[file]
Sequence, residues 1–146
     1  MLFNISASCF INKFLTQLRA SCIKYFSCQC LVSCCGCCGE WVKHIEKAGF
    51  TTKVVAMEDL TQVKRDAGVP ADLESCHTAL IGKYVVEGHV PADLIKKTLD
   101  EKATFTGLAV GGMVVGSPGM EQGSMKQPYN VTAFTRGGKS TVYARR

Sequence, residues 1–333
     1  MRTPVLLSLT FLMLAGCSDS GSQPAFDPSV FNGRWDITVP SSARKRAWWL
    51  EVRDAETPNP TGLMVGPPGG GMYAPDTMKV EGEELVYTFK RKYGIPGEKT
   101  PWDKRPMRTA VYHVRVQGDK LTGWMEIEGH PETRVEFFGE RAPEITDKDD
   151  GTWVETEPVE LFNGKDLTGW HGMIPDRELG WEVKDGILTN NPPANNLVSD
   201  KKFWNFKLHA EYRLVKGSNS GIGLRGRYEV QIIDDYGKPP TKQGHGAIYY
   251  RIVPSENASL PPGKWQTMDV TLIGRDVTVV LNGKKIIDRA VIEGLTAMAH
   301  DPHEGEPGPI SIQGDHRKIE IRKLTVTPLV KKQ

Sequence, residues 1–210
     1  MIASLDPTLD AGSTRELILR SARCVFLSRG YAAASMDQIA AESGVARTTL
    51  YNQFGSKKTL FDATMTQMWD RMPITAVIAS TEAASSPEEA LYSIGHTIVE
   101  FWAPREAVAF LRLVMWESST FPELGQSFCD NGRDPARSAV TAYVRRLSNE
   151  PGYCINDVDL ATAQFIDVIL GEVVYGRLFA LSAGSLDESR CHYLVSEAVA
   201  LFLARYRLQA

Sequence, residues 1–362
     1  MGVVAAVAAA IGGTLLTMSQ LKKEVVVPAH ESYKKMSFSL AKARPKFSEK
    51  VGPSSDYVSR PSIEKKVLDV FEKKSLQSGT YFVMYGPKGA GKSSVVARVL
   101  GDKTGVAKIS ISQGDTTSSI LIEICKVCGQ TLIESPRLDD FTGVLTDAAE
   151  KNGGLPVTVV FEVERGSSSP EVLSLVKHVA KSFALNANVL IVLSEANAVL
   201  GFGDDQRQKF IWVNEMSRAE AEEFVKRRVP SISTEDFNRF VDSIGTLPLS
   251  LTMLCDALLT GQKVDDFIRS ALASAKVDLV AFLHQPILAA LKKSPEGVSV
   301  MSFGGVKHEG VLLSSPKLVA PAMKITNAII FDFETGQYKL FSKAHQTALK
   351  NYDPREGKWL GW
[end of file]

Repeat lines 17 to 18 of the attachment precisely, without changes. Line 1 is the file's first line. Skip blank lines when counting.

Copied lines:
   151  PGYCINDVDL ATAQFIDVIL GEVVYGRLFA LSAGSLDESR CHYLVSEAVA
   201  LFLARYRLQA